Welcome to the tenth RebelLabs cheat sheet! This time we’ll focus on the useful JVM options you might want to use, but forget about. In this post, we’ll describe what each of the featured options do. But first, let’s look back at all ten of our cheat sheets, which we started way back in Dec 2015!
- Java 8 Best Practices
- Java 8 Streams
- Git Commands
- Docker Commands
- Java Collections
- Spring Framework Annotations
- Java Generics
- JVM Options
Wow, what a colorful journey! Here’s an amazing fact for you. If you printed out all our cheat sheets and laid them out end to end, you’ve probably got too much time on your hands and I’d recommend finding yourself a hobby. Without further ado, click on the button below and print out the cheat sheet so you don’t have to keep all those pesky options in your head!
So let’s begin with a top down view. There are three types of options that you can add to your JVM, standard, non-standard and advanced options. If you apply an advanced option you always precede the option with
-XX:. Similarly if you’re using a non-standard option, you’ll use
-X. Standard options don’t prepend anything to the option. I can tell you’re already impressed by the consistency at play here. Let’s start with the standard options.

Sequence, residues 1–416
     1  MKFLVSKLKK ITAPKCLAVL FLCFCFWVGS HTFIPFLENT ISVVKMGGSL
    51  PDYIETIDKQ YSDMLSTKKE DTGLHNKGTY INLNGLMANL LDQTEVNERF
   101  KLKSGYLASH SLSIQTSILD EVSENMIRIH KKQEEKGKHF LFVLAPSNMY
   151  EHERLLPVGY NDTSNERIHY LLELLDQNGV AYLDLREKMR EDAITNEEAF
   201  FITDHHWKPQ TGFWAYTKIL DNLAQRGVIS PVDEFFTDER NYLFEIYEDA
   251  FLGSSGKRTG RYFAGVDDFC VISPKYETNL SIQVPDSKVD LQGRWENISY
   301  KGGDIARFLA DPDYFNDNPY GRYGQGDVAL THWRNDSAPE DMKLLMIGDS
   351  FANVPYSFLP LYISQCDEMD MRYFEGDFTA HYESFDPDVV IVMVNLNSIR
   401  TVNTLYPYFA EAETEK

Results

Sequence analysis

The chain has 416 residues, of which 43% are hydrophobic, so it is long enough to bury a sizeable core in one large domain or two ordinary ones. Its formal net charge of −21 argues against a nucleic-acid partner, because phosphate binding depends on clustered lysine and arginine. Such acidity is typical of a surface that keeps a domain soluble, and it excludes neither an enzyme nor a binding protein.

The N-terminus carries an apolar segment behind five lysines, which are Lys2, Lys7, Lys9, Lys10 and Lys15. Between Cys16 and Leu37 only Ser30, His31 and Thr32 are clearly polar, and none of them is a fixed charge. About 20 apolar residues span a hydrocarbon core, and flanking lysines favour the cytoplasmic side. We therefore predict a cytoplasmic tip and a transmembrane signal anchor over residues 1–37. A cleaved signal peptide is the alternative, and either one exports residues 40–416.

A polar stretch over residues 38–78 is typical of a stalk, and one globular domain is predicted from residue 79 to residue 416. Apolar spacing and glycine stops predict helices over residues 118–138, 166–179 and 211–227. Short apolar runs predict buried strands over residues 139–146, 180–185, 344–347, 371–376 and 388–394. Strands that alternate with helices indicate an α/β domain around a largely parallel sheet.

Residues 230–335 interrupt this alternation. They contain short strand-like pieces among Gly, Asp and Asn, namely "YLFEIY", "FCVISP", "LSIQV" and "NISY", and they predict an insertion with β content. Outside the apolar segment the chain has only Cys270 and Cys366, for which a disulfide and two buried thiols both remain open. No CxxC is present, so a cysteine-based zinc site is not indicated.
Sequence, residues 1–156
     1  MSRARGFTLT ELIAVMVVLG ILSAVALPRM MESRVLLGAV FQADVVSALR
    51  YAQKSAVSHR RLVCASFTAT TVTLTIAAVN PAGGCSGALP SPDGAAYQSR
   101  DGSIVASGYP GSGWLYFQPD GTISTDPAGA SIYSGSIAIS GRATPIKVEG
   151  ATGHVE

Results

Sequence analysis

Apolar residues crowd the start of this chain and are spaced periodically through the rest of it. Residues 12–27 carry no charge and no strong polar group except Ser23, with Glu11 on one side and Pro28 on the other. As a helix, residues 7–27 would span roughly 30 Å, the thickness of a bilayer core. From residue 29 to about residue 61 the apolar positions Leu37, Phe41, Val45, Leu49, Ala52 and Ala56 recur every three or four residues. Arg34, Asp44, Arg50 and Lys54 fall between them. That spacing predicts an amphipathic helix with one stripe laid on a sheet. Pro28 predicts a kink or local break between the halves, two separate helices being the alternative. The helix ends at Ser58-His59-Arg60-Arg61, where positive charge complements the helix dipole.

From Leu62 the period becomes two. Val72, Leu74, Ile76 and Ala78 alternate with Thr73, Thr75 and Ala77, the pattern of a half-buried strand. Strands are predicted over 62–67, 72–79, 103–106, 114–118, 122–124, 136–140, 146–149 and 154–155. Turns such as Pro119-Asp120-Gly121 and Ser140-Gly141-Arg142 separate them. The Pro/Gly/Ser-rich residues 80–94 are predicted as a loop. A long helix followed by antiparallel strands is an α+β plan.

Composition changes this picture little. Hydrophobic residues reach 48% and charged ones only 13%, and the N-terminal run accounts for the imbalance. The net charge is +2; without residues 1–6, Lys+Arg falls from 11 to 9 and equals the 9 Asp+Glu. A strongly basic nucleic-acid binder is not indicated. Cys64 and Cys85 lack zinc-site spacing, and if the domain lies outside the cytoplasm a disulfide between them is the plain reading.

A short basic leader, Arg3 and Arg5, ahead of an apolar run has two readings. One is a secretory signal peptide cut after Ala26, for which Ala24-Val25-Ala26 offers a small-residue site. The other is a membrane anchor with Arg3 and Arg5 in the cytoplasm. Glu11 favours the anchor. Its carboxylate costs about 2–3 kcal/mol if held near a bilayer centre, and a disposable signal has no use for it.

If you wanted to get a full list of the standard options at the command line, simply type
java without further parameters and you’ll see the usage statement followed by a wealth of standard options. For this cheat sheet, we’ve picked a few out that we find most interesting.
First of all, we’ll start with the common system property. This can be set on JVM creation like so:
-D flag states that the following name value pair should used as a system property within the JVM and can be programmatically retrieved as follows:
The same system property could be created programmatically after the JVM has been created with the following code:
At ZeroTurnaround, we simply love java agents! So much in fact, we’ve added them to all our products, from JRebel to XRebel, from JRebel for Android to XRebel Hub! A java agent is like a JVM plugin, that utilizes the
Instrumentation API. Interesting manipulations of bytecode can be achieved which can lead to many amazing tools. To add a java agent, simply point to the path of the jar file that contains the agent code and manifest, as shown below.
If you need more information about the inner workings of your JVM during runtime you can make use of the
-verbose option. You can use it in a number of flavors to gather information in different areas. These can include information about loaded classes (
class), garbage collection (
gc) and JNI (
jni) activity. In the example below we’re getting verbose information about garbage collection activities. All additional information is sent to the standard output log.
Like standard options, you’re able to retrieve the full list of non-standard options from the command line by calling java
When the JVM starts, it uses a default bootstrap class path to search for bootstrap classes and resources. To override the default bootstrap class path, supply a list of paths and/or archives to the following JVM option.
You can also append or prepend the default bootstrap classpath by using commands